Hilary Term[2015] UKSC 11On appeal from: [2013] CSIH 3; [2010] CSIH 104JUDGMENTMontgomery (Appellant) v Lanarkshire HealthBoard (Respondent) (Scotland)beforeLord Neuberger, PresidentLady Hale, Deputy PresidentLord KerrLord ClarkeLord WilsonLord ReedLord HodgeJUDGMENT GIVEN ON11 March 2015Heard on 22 and 23 July 2014

AppellantJames Badenoch QCColin J MacAulay QCLauren Sutherland(Instructed byBalfour Manson LLP)RespondentRory Anderson QCNeil R Mackenzie(Instructed by NHSNational Services ScotlandCentral Legal Office)Intervener (GeneralMedical Council)Andrew Smith QC(Instructed by GMCLegal)

LORD KERR AND LORD REED: (with whom Lord Neuberger, LordClarke, Lord Wilson and Lord Hodge agree)Introduction1.Nadine Montgomery gave birth to a baby boy on 1 October 1999 at BellshillMaternity Hospital, Lanarkshire. As a result of complications during thedelivery, the baby was born with severe disabilities. In these proceedings MrsMontgomery seeks damages on behalf of her son for the injuries which hesustained. She attributes those injuries to negligence on the part of Dr DinaMcLellan, a consultant obstetrician and gynaecologist employed byLanarkshire Health Board, who was responsible for Mrs Montgomery’s careduring her pregnancy and labour. She also delivered the baby.2.Before the Court of Session, two distinct grounds of negligence wereadvanced on behalf of Mrs Montgomery. The first concerned her ante-natalcare. It was contended that she ought to have been given advice about the riskof shoulder dystocia (the inability of the baby’s shoulders to pass through thepelvis) which would be involved in vaginal birth, and of the alternativepossibility of delivery by elective caesarean section. The second branch ofthe case concerned the management of labour. It was contended that DrMcLellan had negligently failed to perform a caesarean section in responseto abnormalities indicated by cardiotocograph (“CTG”) traces.3.The Lord Ordinary, Lord Bannatyne, rejected both grounds of fault: [2010]CSOH 104. In relation to the first ground, he based his decision primarily onexpert evidence of medical practice, following the approach laid down by themajority in Sidaway v Board of Governors of the Bethlem Royal Hospital andthe Maudsley Hospital [1985] AC 871. He also concluded that, even if MrsMontgomery had been given advice about the risk of serious harm to her babyas a consequence of shoulder dystocia, it would have made no difference inany event, since she would not have elected to have her baby delivered bycaesarean section. That decision was upheld by the Inner House (Lord Eassie,Lord Hardie and Lord Emslie): [2013] CSIH 3; 2013 SC 245.4.The appeal to this court has focused on the first ground of fault. The courthas been invited to depart from the decision of the House of Lords in Sidawayand to re-consider the duty of a doctor towards a patient in relation to adviceabout treatment. The court has also been invited to reverse the findings of theLord Ordinary in relation to causation, either on the basis that his treatmentPage 2

of the evidence was plainly wrong, or on the basis that, instead of applying aconventional test of “but for” causation, he should instead have applied theapproach adopted in the case of Chester v Afshar [2004] UKHL 41; [2005] 1AC 134.5.Before considering those issues, we shall explain in greater detail the relevantfacts and the approach adopted by the courts below.The facts6.Mrs Montgomery studied molecular biology at Glasgow University andgraduated with a BSc. She then worked for a pharmaceutical company as ahospital specialist. She was described by the Lord Ordinary as “a clearlyhighly intelligent person”. Her mother and sister are both general medicalpractitioners.7.In 1999 Mrs Montgomery was expecting her first baby. She is of smallstature, being just over five feet in height. She suffers from insulin dependentdiabetes mellitus. Women suffering from diabetes are likely to have babiesthat are larger than normal, and there can be a particular concentration ofweight on the babies’ shoulders. Because of her diabetes, Mrs Montgomery’swas regarded as a high risk pregnancy requiring intensive monitoring. Shetherefore attended the combined obstetric and diabetic clinic at BellshillMaternity Hospital, under the care of Dr McLellan, throughout herpregnancy.8.The widest part of a baby’s body is usually the head. If the head successfullydescends through the birth canal, in a normal birth the rest of the body willdescend uneventfully. Since the widest part of the body of a baby whosemother is diabetic may be the shoulders the head may descend but theshoulders can be too wide to pass through the mother’s pelvis withoutmedical intervention. This phenomenon, known as shoulder dystocia, is theprime concern in diabetic pregnancies which proceed to labour. It wasdescribed by Dr Philip Owen, an expert witness who gave evidence on behalfof the Board, as “a major obstetric emergency associated with a short andlong term neonatal and maternal morbidity [and] an associated neonatalmortality”.9.That evidence is consistent with guidance issued by the Royal College ofObstetricians and Gynaecologists, which states that there can be a highperinatal mortality and morbidity associated with the condition, even when itPage 3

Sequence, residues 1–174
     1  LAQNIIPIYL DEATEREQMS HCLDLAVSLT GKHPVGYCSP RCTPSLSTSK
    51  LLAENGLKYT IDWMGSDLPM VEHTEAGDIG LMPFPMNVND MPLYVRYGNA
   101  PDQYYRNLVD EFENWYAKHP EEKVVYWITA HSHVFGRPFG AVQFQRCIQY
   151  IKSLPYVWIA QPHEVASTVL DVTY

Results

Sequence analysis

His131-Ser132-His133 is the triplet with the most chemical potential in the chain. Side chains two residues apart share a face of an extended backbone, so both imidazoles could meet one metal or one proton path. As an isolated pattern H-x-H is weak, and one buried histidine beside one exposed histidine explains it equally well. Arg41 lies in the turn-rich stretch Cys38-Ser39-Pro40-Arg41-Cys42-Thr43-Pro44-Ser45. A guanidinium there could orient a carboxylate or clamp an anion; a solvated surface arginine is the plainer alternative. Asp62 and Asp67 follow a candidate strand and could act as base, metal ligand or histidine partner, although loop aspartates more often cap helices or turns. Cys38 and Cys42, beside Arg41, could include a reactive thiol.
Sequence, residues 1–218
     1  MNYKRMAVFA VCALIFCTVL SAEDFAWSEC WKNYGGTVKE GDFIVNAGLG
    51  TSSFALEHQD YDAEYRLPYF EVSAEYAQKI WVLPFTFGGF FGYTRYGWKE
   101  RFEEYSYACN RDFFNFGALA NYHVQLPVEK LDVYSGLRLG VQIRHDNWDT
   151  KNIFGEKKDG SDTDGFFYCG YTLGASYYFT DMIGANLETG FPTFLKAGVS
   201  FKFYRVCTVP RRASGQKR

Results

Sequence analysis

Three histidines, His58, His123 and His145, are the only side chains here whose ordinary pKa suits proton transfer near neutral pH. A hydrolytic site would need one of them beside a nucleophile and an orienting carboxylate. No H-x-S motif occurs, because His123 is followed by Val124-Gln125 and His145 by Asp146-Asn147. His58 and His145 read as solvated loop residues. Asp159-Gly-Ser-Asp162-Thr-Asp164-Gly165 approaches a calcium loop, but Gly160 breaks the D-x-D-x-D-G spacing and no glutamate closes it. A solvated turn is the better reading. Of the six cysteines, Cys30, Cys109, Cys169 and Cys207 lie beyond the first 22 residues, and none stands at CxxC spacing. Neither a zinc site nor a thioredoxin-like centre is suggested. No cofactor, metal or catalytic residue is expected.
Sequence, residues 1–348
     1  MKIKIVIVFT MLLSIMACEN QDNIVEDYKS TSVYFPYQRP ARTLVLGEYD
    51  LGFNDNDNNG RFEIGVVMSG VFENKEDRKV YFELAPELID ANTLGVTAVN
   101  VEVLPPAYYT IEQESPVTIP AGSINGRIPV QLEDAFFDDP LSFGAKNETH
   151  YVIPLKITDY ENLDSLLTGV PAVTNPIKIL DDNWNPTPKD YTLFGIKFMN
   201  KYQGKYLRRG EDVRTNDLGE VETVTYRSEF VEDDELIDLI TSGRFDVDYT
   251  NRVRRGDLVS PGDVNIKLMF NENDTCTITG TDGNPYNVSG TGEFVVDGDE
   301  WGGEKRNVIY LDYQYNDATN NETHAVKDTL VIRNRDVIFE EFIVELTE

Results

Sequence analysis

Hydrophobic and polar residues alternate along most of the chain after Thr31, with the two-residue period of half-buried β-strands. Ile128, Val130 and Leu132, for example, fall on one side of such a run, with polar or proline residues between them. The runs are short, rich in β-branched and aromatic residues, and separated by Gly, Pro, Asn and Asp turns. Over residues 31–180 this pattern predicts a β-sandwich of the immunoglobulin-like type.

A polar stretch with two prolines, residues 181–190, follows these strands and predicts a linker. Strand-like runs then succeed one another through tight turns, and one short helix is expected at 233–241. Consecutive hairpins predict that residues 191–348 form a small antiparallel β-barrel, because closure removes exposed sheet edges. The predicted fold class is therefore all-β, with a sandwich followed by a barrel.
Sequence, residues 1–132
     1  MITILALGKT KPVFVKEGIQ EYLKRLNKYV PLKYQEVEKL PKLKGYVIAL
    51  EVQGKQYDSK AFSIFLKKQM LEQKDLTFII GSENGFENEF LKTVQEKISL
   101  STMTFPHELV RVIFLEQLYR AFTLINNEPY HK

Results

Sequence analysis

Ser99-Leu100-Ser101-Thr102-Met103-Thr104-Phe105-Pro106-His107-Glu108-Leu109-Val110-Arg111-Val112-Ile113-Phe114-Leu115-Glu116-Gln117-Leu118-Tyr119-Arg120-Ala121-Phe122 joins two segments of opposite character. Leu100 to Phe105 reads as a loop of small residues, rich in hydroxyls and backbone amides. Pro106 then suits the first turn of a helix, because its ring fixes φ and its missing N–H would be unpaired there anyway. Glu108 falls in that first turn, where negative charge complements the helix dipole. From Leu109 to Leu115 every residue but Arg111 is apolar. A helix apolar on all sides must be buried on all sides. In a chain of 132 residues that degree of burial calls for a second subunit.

is managed appropriately. Maternal morbidity is also increased: in 11% ofcases of shoulder dystocia there is postpartum haemorrhage, and in 3.8%fourth degree perineal tears. The guidance advises that help should besummoned immediately when shoulder dystocia occurs. When the mother isin hospital this should include assistance from midwives, an obstetrician, apaediatric resuscitation team and an anaesthetist.10.According to the evidence in this case, about 70% of cases of shoulderdystocia can be resolved by what is known as a “McRoberts’” manoeuvre.This involves two midwives or nurses taking hold of the mother’s legs andforcing her knees up towards her shoulders, so as to widen the pelvic inlet bymeans of hyperflexion. An attempt can also be made to manoeuvre the babyby suprapubic pressure. This procedure involves the doctor making a fist withboth hands and applying pressure above the mother’s pubis, in order todislodge the baby’s shoulder and push the baby down into the pelvis. Anotherprocedure which may be attempted is a “Zavanelli” manoeuvre. This involvespushing the baby’s head back into the birth canal, to the uterus, so as to beable to perform an emergency caesarean section. Another possible procedureis a symphysiotomy. This is a surgical procedure which involves cuttingthrough the pubic symphysis (the joint uniting the pubic bones), so as to allowthe two halves of the pelvis to be separated.11.According to Dr McLellan’s evidence, in some cases the mother may beentirely unaware that shoulder dystocia has occurred. It is clear, however,that when shoulder dystocia happens and the mother knows of it, dealing withit is, at least, an unpleasant and frightening experience for her. It also givesrise to a variety of risks to her health.12.Shoulder dystocia also presents risks to the baby. The physical manoeuvresand manipulations required to free the baby can cause it to suffer a brokenshoulder or an avulsion of the brachial plexus – the nerve roots which connectthe baby’s arm to the spinal cord. An injury of the latter type may be transientor it may, as in the present case, result in permanent disability, leaving thechild with a useless arm. The risk of a brachial plexus injury, in cases ofshoulder dystocia involving diabetic mothers, is about 0.2%. In a very smallpercentage of cases of shoulder dystocia, the umbilical cord becomes trappedagainst the mother’s pelvis. If, in consequence, the cord becomes occluded,this can cause the baby to suffer from prolonged hypoxia, resulting in cerebralpalsy or death. The risk of this happening is less than 0.1%.13.Mrs Montgomery was told that she was having a larger than usual baby. Butshe was not told about the risks of her experiencing mechanical problemsduring labour. In particular she was not told about the risk of shoulderPage 4